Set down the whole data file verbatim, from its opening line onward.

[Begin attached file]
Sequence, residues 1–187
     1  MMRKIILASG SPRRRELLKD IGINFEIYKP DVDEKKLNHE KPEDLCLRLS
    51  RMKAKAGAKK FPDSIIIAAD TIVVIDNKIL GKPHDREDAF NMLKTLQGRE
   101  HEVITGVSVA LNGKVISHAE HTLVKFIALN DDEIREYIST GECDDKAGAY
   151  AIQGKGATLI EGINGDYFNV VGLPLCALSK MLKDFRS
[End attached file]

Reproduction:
Sequence, residues 1–187
     1  MMRKIILASG SPRRRELLKD IGINFEIYKP DVDEKKLNHE KPEDLCLRLS
    51  RMKAKAGAKK FPDSIIIAAD TIVVIDNKIL GKPHDREDAF NMLKTLQGRE
   101  HEVITGVSVA LNGKVISHAE HTLVKFIALN DDEIREYIST GECDDKAGAY
   151  AIQGKGATLI EGINGDYFNV VGLPLCALSK MLKDFRS